Saturday, 21 September 2013

Korea - Tools for research: The Books

I think I went overboard this time, with the number of books I read and movies I watched related to Korea!  So much so, that I have to separate the books and movies into two blog posts, otherwise it would be a very long list for you to read, all in one go!

I've also spent two months on Korea, which is a long time - although this did include my summer vacation and other real-life travel. 

The Books

I read way too many books about Korea - although I finished most of them, I had to stop myself in the end, otherwise I could have spent another few weeks reading and writing about Korea!  If you're interested in finding out more about Korea, I would recommend all of the following:

Korea: Insight Guides (2003) - ed. Tom Le Bas - I always find the Insight guides really useful, to give me an overview of the history and culture of the place that I'm blogging about.  I don't usually buy the most up-to-date versions, as they cost a lot of money, but I get older versions for a penny (literally!) online. This guidebook mostly covers South Korea, but I'd recommend it nevertheless.

Korea: Culture Smart! (2012) - James HoareCulture Smart! is another great little series of books and I always really enjoy reading them - the edition on Korea is particularly good and James Hoare is an ex-British diplomat who has written quite a few books on East Asia, including a book on the conflict in Korea that he co-wrote with his wife, Susan Pares.  I did buy the newest edition of this book, as I've got quite a nice collection of these cultural guides building up on my bookshelf!

Nothing to Envy (2010) - Barbara Demick - this is a great book and I really got a lot out of it.  Barbara focuses on the stories of refugees from Chonjin, in the far north of North Korea and tries to piece together a picture of what life must be like for North Korea's 25 million inhabitants.  I blogged about this in my post Something to Envy?

The Impossible State: North Korea, Past and Future (2012) - Victor Cha - it really pains me that I didn't have time to finish this book, but I discovered it quite late into my blogging experience and, at more than 400 pages long, I just didn't have time to read the whole thing.  In the 100 or so pages that I did read, I found Cha's writing incredibly engaging and interesting.  Ah well, perhaps I will be able to return to it at a later date!  I'd definitely recommend this book, if you are interested in learning more about North Korea.

Dogs: A New Understanding of Canine Origin, Behaviour and Evolution (2001) - Raymond Coppinger and Lorna Coppinger.  This is a brilliant book and really made me question man's relationship with dogs.  The Coppingers are champion sled dog racers and passionate advocates of a greater, more scientific understanding of dogs than we currently have.  It's a bit heavy-going at times, but worth the brain power, if you want to understand the evolution of dogs and dog psychology.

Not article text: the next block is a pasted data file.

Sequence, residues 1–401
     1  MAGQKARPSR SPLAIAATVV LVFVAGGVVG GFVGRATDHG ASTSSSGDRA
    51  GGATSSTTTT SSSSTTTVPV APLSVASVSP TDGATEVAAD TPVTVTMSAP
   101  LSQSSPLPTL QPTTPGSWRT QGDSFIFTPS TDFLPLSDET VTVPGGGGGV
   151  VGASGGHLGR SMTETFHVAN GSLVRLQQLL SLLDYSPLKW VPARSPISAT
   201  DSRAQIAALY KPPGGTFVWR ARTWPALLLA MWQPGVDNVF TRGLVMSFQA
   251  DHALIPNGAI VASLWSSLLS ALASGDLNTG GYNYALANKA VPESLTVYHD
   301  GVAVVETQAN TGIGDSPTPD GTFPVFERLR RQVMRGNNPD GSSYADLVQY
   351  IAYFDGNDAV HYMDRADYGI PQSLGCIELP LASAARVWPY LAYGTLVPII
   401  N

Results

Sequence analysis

My Sister Bongsoon (2005) - Ji-young Gong - somewhere in the midst of all this research, I even managed to read a Korean novel (in translation, of course!).  It was really interesting and covered a lot of social issues related to the treatment of maids and class differences in Korean society.

Literature from the Axis of Evil (2006) - a Words without Borders anthology, which includes writing from North Korea, but also Iran, Iraq and 'other enemy nations'.  This is a great collection and I read all of the North Korean texts - the first time I've ever read literature of this kind.  According to the editors, only 3% of books in the English-speaking world are in translation, which is pretty shocking and makes me wonder how much great literature we're missing out on, because it isn't translated into English?  I'm a passionate believer in discovering the literature of other countries and this book embodies the spirit of discovery and understanding that I think is so important in our increasingly globalised (and anglicised era)

The Food and Cooking of Japan and Korea (2010) - Emi Kazuko and Young-jin Song - last, but definitely not least, I discovered this wonderful book of Japanese and Korean recipes.  Having initially borrowed a copy from my local library, I felt the need to buy my own copy, in the end, as it's probably one of the best recipe books I've ever come across.  Not only does it give you lots of great recipes, with plenty of pictures and easy explanations, but there are also extensive sections on the Japanese and Korean kitchens - everything you might expect to find there, as well as detailed descriptions of the ingredients used in Korean and Japanese food. It's a book that I'm sure I will treasure for a long time to come!

Image credits:

The image of the book cover was taken by me. 
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